Early studies have identified a molecule called glutamate, which helps excite nerve cells, in MS brain lesions. Some research suggests that too much glutamate may contribute to tissue damage. Scientists at the University of California, San Francisco are testing the ability of an oral drug currently approved for ALS Als (äls), Ger. Alsen, island, 121 sq mi (313 sq km), Sønderjylland co., S Denmark, in the Lille Bælt, separated from the mainland by the narrow Alensund. (Lou Gehrig's disease Lou Geh·rig's disease
See amyotrophic lateral sclerosis. ) called riluzole to prevent the release of glutamate. The team is conducting a Society-supported phase I trial in 40 people recently diagnosed with relapsing-remitting MS. Participants are taking either Avonex plus riluzole, or Avonex plus inactive placebo, over two years. This trial is funded through the Society's regular research grant program.
The race for an MS pill
Several oral MS therapies made news last year, bringing hope to the needle-weary.
Oral cladribine: Results from a phase II trial of this immunosuppressive drug by Serono encouraged the FDA to designate this drug as a "fast track product." This should expedite the review of an international phase III trial now in progress, as soon as the trial is completed. More than 1,200 people are participating in this multi-center trial.
Oral fingolimod (FTY FTY Failure to Yield (law enforcement)
FTY First Time Yield
FTY Fulton County Airport-Brown Field Airport (Atlanta, GA) 720): A phase II controlled clinical trial controlled clinical trial,
n a research strategy that calls for two samples: an experimental sample of patients receiving a pharmaceutical, and a second sample of control patients receiving a placebo. in 255 people with active, relapsing MS found that up to 77% of those taking fingolimod remained free of relapses over two years. International phase III trials sponsored by Novartis and involving more than 2,000 people are now underway.
Oral BG00012: A multi-center phase II controlled clinical trial of this immune system modulator Modulator
Any device or circuit by means of which a desired signal is impressed upon a higher-frequency periodic wave known as a carrier. The process is called modulation. The modulator may vary the amplitude, frequency, or phase of the carrier. , sponsored by Biogen Idec, and Fumapharm AG, led to a 69% reduction in MS inflammation as seen on MRI scans in people with relapsing-remitting MS.
Oral MN-166: In 2005, MediciNova, Inc., launched a phase II multi-center trial in Eastern Europe of an oral drug that may inhibit MS inflammation. Results are expected later this year or in 2008.
Oral SB-683699: A phase II study of 350 people with relapsing-remitting MS was recently launched by manufacturer GlaxoSmithKline. The drug is thought to reduce the number of active white blood cells that breach the blood-brain barrier and enter the brain.
Oral teriflunomide: An open-label, 180-participant, 144-week extension study of this agent, which is believed to modulate T cells, showed that those on placebo during the original trial who switched to the active drug experienced up to an 850 decrease in new, active areas of disease activity as seen on MRI by the final week of the study. A larger study in more than 1,000 people, sponsored by Sanofi-Aventis, is underway.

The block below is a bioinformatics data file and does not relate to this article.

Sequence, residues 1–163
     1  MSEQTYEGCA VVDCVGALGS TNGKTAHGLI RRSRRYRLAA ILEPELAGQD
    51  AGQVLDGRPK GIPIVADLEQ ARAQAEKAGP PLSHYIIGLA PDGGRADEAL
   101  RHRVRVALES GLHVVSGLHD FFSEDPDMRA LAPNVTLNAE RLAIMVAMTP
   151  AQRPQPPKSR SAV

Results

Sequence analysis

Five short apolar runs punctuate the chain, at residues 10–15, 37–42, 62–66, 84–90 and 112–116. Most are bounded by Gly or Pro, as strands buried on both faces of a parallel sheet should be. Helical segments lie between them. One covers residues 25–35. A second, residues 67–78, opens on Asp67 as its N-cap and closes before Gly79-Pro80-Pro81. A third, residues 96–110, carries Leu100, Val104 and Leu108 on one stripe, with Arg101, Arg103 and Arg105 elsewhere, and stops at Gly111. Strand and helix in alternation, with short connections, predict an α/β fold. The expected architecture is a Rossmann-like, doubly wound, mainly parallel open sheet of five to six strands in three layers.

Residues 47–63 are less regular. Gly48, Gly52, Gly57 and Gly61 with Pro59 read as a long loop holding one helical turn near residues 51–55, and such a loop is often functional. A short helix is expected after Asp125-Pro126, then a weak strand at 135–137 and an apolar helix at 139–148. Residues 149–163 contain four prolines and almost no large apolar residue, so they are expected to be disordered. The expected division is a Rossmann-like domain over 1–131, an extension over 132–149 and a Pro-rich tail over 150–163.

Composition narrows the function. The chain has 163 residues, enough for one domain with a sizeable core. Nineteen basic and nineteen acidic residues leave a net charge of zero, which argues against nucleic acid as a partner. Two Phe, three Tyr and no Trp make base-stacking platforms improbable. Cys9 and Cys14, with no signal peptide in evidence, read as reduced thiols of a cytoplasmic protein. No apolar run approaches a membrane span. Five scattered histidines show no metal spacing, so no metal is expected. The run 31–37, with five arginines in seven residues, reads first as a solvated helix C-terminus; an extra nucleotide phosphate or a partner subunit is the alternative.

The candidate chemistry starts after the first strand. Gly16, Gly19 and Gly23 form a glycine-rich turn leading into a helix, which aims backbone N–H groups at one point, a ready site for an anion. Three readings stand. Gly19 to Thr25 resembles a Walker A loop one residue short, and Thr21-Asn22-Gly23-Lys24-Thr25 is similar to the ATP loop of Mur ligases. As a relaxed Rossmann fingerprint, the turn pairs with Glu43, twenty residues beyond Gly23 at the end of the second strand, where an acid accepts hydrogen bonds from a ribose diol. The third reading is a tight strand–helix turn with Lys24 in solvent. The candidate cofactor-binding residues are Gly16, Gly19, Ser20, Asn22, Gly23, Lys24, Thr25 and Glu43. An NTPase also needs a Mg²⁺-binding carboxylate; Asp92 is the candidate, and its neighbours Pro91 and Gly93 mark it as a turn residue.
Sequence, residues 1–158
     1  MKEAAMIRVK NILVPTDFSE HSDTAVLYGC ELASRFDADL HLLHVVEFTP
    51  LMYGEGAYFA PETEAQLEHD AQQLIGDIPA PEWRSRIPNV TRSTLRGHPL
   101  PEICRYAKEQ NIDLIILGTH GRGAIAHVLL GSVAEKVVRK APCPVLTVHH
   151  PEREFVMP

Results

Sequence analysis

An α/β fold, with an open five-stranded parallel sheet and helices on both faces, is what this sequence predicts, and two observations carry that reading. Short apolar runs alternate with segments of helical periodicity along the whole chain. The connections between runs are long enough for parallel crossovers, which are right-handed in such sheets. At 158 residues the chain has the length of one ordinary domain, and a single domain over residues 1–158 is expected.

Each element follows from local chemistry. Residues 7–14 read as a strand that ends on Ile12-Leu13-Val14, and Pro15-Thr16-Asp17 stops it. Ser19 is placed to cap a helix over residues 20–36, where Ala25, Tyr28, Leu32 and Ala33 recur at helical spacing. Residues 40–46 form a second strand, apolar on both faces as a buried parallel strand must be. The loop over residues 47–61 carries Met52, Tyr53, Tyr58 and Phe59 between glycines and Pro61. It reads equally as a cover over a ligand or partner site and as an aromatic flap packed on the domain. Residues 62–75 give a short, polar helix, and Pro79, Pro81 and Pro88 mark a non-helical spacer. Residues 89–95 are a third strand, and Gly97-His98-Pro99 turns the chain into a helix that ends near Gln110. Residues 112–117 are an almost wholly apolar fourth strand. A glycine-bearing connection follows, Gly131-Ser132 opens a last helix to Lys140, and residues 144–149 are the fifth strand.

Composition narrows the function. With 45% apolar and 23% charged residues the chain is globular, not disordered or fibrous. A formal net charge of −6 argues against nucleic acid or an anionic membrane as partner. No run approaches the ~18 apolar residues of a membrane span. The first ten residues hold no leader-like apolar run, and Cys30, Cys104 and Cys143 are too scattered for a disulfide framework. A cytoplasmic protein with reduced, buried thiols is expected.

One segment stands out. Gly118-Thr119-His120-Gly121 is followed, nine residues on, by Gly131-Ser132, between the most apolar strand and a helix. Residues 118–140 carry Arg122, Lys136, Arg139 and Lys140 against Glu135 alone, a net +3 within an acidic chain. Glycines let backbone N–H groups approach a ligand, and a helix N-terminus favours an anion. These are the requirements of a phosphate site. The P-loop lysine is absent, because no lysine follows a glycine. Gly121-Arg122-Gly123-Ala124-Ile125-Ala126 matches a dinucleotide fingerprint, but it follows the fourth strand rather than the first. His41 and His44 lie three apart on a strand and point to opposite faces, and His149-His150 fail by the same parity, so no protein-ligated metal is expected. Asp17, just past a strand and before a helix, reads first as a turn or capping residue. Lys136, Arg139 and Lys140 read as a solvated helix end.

A role for statins Statins
A class of drugs commonly used to lower LDL cholesterol levels.
Mentioned in: C-Reactive Protein in MS?
Statins are drugs used to lower high cholesterol. They have also been shown to modulate immune responses. Lab research suggests that statins can reduce the severity of an MS-like disease in mice, and early trials in people suggest that they may indeed reduce disease activity.
Lipitor (atorvastatin calcium): U.S. and Canadian researchers are studying Lipitor in 152 people with CIS (one attack, but not diagnosed with MS) to see if Pfizer's drug will decrease or delay disease activity as shown on MRI.
Lipitor is also being studied in combination with the myelin basic protein Myelin basic protein (MBP) is a protein believed to be important in the process of myelination of nerves in the central nervous system (CNS).
MBP was initially sequenced in 1979 after isolation from myelin membranes  BHT-3009-01. Results from this trial showed a decrease in the immune response to myelin and a reduction of inflammatory cytokines.
Complementary and alternative therapies--or CAM
Trials of CAM remedies are also on the MS agenda. Ongoing and recently completed studies include:
Ginkgo biloba: Results from a small Society-supported study at the MS Center of Oregon in Portland showed that ginkgo biloba measurably improved attention span on one test as compared with inactive placebo.
Ginseng ginseng (jĭn`sĕng), common name for the Araliaceae, a family of tropical herbs, shrubs, and trees that are often prickly and sometimes grow as climbing forms. : Also in Oregon, researchers are testing, with Society funding, ginseng versus an inactive placebo in 108 people with all types of MS to see if this traditional medicinal root can improve mental alertness and reduce fatigue.
Omega-3 fatty acid omega-3 fatty acid
Any of various polyunsaturated fatty acids that are found primarily in fish, fish oils, vegetable oils, and leafy green vegetables, and that seem to reduce the risk of stroke and heart attack. : An open-label study of this popular supplement in 10 people with MS showed a 52% reduction in "matrix metalloproteinase-9," which is associated with MS inflammation. A two-year study of 100 people with relapsing-remitting MS is now underway in Norway to further examine omega-3's effect on disease activity as seen on MRI.